“Resort to fault finding rather than problem solving
is a common flaw in organizations,
and one that undermines both performance
and the potential to improve performance over time.”
–W. Edwards Deming, the father of Total Quality Management
Everything starts with a relationship. If your mission is to make your company a great place, you can only accomplish it as a team. It is important to have shared goals and it’s just as important to achieve them through the power of relationships.
Who is the most important to an on-time departure? The pilot? The mechanic? The baggage handlers? The ticket agents? The air traffic control? Or each of them, together? If the flight doesn’t take off on time, who loses? Does the customer care whose fault it is?
Let’s see the difference this simple method of leadership can create within your organization. Company A has no shared goals. Unfortunately, in this company when something goes wrong, they need to be able to pin it on someone. You should hear them fight over whose department is responsible! Who can we pin it on? Sales? Customer Service? Merchandising? Warehouse? Housekeeping? Deliveries? Why do we have to have someone to pin it on? The reason is simple. There are no shared goals.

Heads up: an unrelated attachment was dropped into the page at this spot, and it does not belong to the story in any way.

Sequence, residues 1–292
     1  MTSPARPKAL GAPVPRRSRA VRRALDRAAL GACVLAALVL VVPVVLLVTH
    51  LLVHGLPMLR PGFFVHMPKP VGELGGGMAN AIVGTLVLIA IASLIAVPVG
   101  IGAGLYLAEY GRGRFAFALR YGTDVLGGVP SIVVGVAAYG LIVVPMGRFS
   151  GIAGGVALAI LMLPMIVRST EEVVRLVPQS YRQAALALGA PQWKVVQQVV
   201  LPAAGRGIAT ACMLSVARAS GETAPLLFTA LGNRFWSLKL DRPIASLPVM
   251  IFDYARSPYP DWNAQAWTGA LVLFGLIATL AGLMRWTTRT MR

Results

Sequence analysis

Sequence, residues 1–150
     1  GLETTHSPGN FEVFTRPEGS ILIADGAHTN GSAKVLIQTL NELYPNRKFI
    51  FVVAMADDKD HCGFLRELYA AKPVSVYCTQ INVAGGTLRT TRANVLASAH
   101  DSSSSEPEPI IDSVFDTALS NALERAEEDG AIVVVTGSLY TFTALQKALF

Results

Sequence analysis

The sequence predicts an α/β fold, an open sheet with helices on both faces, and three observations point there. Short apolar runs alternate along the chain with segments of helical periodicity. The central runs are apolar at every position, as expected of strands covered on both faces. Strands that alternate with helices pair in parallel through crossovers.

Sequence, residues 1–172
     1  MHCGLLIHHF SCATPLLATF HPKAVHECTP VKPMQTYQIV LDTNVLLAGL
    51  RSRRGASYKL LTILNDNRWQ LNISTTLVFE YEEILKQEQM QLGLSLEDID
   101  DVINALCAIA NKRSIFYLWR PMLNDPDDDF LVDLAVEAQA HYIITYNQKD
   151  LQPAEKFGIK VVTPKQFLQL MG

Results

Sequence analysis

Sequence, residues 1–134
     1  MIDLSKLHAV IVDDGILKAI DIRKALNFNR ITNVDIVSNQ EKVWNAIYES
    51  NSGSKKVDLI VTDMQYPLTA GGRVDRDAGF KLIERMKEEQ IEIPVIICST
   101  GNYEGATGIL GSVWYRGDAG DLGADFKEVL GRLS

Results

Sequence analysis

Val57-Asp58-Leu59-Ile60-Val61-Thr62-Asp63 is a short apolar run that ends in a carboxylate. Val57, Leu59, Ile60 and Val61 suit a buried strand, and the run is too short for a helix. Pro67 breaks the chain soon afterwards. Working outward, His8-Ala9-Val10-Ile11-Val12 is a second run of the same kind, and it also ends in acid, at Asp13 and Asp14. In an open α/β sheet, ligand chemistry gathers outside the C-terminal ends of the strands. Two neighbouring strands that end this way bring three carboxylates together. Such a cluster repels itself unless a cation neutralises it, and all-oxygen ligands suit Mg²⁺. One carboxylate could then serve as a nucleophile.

An employee of Company A are primarily interested in protecting their job. They seek out actions that help make them “look better”, even if it means pushing someone elses down. They do not want to accept responsibility for undesirable results (the type that would go on a Scoreboard). Are these the same self-serving leaders that take the credit when things are good? Are these attributes of servant-leaders?
Now, let’s notice the difference in Company B, where there are shared goals. When something goes wrong here, we figure out the problem. It’s a matter of working together. There’s no finger pointing here. We operate on shared goals, shared knowledge and mutual respect.
Common companies practice finger pointing. As a leader, it’s your responsibility to be the uncommon company by focusng on problem solving at the very core. Who will people look to when there are challenges? Where do they go when your mission, principles or values are compromised by another employee? They can’t wait to see how you respond! And this is when the rubber hits the road.
Leadership is the ability to influence people to get results. How will your response to management issues determine your success and ability to influence people? This is always an opportune time to tie your leadership back to your shared goals. As a guide, remember what your shared goals are and what they do. Communicate their importance as you problem solve and make decisions around resolution.
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